Dairy producers were equally pleased. A celebratory statement by four dairy groups said the report "affirms the vital, unrivaled contribution made by dairy foods, and reminds Americans that they will continue to benefit from three daily servings of low-fat and fat-free dairy." Americans should consume more dairy products, the statement said, because their government says they should.
'Half the way there'
Then there are those who question why the government is involved in food in any way, from agricultural subsidies to labeling laws to dietary advice.
Daren Bakst, a research fellow in agricultural policy at The Heritage Foundation, says the most common explanation for government’s involvement in nutrition — inadequate information — is bogus.
“In reality, the public already has plenty of information. Restaurants and other businesses respond to consumer demand for nutritional information. Entire industries are built around the public’s demand for dieting and healthy living, from diet sodas to weight-loss programs. The public is inundated with marketing messages regarding health and well-being. When people do not buy the ‘right’ foods, this is not evidence of inadequate information; it is evidence of choices based on complex personal preferences,” Bakst wrote in a policy brief called "Government Control of Your Diet.”
Willett and other critics of the guidelines believe the USDA should not be involved in the guidelines since it also is charged with promoting American agriculture. Among its objectives, detailed in its 2014-2018 Strategic Plan, is to "increase agricultural opportunities by ensuring a robust safety net, creating new markets, and supporting a competitive agricultural system."
Given this, The National Institutes of Health would be a better choice to suggest food choices, some say.
“At a minimum,” Willett said, “members of the advisory committee should be involved in the drafting of the dietary guidelines to minimize corruption of the evidence.”
Barbara Millen, the nutrition epidemiologist who chaired the advisory committee, said that while she was disappointed the final guidelines did not include her panel's position that Americans' health and sustainable agriculture practices are entwined, "by and large, they did a very good job."
“I’m trying to focus on the upside,” she said. “I really like the options given to the American public. I like the language of gradual shifts in dietary behavior. I like the fact that we all have a role in this,” she said.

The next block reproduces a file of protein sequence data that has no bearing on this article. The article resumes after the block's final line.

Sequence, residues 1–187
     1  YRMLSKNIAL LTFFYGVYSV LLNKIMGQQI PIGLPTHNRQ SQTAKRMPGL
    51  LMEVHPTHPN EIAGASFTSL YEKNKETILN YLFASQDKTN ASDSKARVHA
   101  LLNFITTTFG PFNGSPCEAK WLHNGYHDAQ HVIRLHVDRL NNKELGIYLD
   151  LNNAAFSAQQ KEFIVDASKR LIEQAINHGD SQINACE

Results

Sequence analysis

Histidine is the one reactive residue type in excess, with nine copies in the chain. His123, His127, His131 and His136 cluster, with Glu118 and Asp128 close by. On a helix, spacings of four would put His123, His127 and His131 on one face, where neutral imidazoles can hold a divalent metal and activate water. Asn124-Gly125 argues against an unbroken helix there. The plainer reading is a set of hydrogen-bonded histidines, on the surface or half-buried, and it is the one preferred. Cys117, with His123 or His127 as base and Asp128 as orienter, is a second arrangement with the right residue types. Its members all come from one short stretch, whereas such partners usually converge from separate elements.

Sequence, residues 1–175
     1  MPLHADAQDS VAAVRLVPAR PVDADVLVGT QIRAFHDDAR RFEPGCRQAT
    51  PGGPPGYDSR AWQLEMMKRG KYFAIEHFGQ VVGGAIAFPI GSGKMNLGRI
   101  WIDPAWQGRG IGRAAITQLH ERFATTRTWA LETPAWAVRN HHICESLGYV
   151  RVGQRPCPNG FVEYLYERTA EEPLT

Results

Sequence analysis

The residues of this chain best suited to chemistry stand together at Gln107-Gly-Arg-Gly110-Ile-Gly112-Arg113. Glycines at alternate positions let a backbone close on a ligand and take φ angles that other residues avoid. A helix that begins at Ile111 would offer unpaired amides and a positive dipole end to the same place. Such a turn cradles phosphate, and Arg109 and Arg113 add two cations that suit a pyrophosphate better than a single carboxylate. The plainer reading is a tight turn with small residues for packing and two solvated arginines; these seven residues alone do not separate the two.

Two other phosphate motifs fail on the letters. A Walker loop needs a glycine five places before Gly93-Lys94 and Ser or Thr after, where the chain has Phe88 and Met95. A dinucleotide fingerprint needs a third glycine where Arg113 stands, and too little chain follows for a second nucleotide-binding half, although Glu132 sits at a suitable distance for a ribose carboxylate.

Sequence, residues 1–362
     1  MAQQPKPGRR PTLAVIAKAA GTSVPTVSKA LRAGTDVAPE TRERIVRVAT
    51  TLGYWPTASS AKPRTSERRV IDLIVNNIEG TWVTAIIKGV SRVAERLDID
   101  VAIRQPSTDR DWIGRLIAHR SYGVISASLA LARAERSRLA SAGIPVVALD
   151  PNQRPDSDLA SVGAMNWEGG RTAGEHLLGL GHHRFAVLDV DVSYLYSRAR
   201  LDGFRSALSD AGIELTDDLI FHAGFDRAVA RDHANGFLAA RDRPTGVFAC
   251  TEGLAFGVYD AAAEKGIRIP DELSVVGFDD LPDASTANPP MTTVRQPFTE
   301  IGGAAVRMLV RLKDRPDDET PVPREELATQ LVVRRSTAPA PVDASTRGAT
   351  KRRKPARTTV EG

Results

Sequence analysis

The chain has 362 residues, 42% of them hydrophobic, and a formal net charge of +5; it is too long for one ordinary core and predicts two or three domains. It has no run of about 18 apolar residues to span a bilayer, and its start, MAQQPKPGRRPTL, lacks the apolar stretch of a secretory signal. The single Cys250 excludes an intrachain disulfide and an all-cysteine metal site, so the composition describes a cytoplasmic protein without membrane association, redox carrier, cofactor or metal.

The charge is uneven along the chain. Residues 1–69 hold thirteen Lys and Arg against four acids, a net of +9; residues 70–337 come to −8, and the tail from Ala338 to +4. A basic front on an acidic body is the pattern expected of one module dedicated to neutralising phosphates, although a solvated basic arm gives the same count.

“The dietary guidelines talk about how, on average, the American diet doesn’t hit the mark about half of the time. That can be a very positive message. I like to think that Americans are half the way there.
“Look at the foods that are being recommended, and look for your favorites. Then add them, and build from there,” she said. “When people understand they don’t have to give up everything they love, they are happier and will be much more successful,” she said.
A spokeswoman for the Department of Health and Human Services noted that the guidelines address only nutrition for adults and children above the age of 2, but that will change within the next decade. The government has become a study of scientific evidence about the best nutrition from birth to 24 months, and for pregnant women, Angie Colson said. "By 2020, the Dietary Guidelines will expand to include additional guidance for these populations," she said.
In the home
While the guidelines are not written specifically for the benefit of families, some mothers do pay attention, like Molly Aubuchon, who lives in Kent, Ohio, and has two children, ages 11 and 13.
Auchubon, 39, is a vegan who was raised as a vegetarian and was “teased and tormented on a daily basis, as were my siblings.”
Although Auchubon believe the dairy and meat industries have too much influence on the guidelines, she believes the guidelines are important and appreciates that they offer a vegetarian option.
“I do pay attention to the guidelines. I know school meals are based off them, and that’s extremely important to me,” she said
As vegans, Auchubon and her children do not eat any animal products, including dairy. (Her husband does, but not in the home.)
The government's promotion of dairy products is another example of the politics behind the process, Simon said. “Dairy is not essential in a diet and can be detrimental for a lot of reasons.”
“My biggest problem with it is that, similar to meat, it displaces the foods we actually need, the plant-based foods with fiber and phytochemicals.
“The most important thing people can do, honestly, is to eat more fruits and vegetables — not pile lettuce on a cheeseburger, but replace the cheeseburger with beans and lentils and so forth," she said.
In other words, follow the Michael Pollan mantra, the creation of which didn't take a government committee, “Eat food. Not Too Much. Mostly Plants"?
Be careful with that, Harvard's Dr. Willett said.
"Pollan’s advice is mostly right, but insufficient; the USDA could interpret this to load up on potatoes."